A good education is important to helping a child to develop and learn. In the United States we are very fortunate to have The Individuals with Disabilities Education Act (IDEA). If your child has an autism spectrum disorder and needs special education, you will need to become familiar with the rights your child has under (IDEA).

Since 1975, IDEA  requires  that  all individuals  have access to a ‘free and appropriate education (FAPE).’ IDEA is a federal act, and  each state may not take away the special education rights provided under IDEA, but may provide more.

Basically, every child  under the age of three and at risk of developing a substantial disability if early interventions are not provided is eligible for early intervention. The names of the different programs my vary by state, but  you can check with  your state’s Department of Health, Department of Developmental Disability, or Department of Education about early intervention. If you need help finding help or information in your area, look at the website of the Federal Interagency Coordinating Council (www.fed-icc.org).

In the educational system, if a student is eligible, an Individualized Education Program (IEP) is developed that  sets out the ways the child will be helped with his areas of difficulties, and  goals and objectives are developed. The IEP is developed by an IEP team at IEP’s that take place at least annually.

An IEP team consists of the parents, the child’s teacher, a general education teacher, a special education administrator, any professionals providing services such as occupational therapy,  speech and language therapy, and adapted physical education.

Sometimes, some members of the IEP team and / or the parents may not be in agreement as to how a child’s educational needs should be  met, and what constitutes a ‘free and appropriate education’ for your child. As a parent, it is important to get to know how your child learns. Remember that you are the expert on your child. Also, it is important to keep abreast of the educational methods that are out there that may help your child.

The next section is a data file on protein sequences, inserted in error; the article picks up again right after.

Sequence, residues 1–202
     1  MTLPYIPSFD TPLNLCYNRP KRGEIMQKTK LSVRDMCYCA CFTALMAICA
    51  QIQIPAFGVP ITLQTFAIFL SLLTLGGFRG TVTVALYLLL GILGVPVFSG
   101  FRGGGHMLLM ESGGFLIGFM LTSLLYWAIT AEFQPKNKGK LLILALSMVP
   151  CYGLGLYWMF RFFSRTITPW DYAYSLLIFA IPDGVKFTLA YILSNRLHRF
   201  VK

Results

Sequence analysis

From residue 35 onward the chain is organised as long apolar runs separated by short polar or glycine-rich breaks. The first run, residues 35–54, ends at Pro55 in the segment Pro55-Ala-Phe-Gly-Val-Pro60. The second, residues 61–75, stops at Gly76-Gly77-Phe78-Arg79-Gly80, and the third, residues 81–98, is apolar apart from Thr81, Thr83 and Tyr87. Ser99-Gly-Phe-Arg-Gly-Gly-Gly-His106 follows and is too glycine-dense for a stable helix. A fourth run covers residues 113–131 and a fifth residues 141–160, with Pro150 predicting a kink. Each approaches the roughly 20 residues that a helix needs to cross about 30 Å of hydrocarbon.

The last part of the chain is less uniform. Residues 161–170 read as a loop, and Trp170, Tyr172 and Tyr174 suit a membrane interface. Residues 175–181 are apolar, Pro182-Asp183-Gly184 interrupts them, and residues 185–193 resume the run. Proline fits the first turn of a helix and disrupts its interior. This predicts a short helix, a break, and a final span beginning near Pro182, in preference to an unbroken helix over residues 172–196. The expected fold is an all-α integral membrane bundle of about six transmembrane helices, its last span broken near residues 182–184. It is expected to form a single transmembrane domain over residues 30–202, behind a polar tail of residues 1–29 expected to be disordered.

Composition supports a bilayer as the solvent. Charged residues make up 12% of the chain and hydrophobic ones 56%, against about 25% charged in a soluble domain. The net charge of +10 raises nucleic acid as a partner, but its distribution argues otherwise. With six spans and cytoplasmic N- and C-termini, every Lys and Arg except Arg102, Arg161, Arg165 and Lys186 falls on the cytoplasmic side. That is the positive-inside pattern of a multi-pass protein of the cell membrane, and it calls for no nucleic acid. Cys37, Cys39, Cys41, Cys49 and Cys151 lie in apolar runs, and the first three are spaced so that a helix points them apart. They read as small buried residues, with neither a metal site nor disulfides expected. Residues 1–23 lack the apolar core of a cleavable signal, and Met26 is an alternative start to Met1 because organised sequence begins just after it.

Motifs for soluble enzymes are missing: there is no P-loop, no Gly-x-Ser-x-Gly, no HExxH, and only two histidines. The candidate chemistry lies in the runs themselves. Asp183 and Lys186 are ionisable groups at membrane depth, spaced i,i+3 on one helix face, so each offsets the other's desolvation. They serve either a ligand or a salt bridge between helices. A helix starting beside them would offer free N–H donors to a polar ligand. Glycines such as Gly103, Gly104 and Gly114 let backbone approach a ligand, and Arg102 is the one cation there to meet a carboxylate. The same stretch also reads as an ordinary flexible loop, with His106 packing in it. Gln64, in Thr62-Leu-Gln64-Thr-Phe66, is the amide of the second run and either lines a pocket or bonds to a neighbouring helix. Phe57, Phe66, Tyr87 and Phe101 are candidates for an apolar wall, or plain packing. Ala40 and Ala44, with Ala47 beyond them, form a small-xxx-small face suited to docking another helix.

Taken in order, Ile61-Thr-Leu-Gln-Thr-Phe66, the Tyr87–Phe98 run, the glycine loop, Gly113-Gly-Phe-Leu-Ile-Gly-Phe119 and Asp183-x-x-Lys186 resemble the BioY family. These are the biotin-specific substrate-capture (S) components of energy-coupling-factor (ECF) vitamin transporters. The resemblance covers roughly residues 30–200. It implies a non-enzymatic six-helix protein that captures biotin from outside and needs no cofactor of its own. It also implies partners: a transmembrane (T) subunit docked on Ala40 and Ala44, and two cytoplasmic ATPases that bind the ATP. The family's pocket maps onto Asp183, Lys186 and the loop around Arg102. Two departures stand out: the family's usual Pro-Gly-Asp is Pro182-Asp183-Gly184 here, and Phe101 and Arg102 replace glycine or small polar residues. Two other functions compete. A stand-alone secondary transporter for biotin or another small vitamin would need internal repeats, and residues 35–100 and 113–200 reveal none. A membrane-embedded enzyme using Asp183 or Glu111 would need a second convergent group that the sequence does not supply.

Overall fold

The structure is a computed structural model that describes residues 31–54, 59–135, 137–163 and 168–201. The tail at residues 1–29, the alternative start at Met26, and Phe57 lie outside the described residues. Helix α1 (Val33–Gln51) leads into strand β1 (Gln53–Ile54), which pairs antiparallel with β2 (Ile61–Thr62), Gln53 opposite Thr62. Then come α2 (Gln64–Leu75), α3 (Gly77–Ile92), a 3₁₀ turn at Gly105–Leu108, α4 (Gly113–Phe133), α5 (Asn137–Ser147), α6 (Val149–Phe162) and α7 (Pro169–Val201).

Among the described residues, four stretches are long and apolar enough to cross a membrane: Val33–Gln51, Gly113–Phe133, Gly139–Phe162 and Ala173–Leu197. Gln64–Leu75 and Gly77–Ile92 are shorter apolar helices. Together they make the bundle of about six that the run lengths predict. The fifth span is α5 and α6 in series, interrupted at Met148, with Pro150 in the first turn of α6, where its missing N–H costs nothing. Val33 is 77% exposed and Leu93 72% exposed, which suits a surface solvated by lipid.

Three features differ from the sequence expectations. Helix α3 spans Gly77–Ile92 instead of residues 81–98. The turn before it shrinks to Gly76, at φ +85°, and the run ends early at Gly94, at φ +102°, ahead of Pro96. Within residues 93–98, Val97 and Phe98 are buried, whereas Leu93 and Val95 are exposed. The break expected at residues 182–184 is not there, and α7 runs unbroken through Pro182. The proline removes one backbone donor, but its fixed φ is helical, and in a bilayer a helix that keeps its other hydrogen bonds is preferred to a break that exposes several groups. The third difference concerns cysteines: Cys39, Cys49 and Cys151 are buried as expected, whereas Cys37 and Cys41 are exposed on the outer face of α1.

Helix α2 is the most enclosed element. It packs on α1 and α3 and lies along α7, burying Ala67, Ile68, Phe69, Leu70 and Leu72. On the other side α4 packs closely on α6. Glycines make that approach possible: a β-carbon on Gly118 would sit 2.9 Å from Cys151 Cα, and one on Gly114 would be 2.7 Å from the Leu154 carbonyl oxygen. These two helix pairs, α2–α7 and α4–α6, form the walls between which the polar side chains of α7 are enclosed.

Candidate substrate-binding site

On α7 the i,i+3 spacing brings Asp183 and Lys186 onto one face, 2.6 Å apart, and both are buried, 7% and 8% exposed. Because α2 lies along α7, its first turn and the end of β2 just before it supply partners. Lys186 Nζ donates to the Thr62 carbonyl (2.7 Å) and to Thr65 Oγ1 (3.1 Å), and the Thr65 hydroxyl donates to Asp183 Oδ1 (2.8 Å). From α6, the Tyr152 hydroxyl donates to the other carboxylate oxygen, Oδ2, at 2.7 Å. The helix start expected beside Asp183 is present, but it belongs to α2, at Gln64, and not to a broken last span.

If you are in disagreement with the rest of the IEP team, there are appropriate ways for you to express your disagreement. The first step is to try and have good and open communication with your child’s teacher and other professionals involved in helping your child with his difficulties. The second is to make sure you know your child’s rights under IDEA. As a parent you will need to become an advocate for your child.

As laws and regulations change, parents and educators can  stay informed   by  checking the US Department  of Education (www.ed.gov) and your state department of education.

Most, if not all, states have an agency that helps people with disabilities and tells you your rights in plain language, and provides information in different languages.  To find out how your state interprets IDEA, These are usually called Protection and Advocacy offices. Often these agencies have decoded the complicated IDEA and made it available on-line in easy to understand layman terms so that parents can understand the rights their children have in terms of education.

In my next post, I’ll cover some autism parenting tips to ensure your child is getting the education he or she needs. You can also read more in my book, Autism Spectrum Disorders. Tips on how to communicate and negotiate more effectively with your school will be given in the course  Empowerment Strategies for the ASD Parent on Thursdays May 5,12,19,26, from 6:00 – 8:00 PM PST.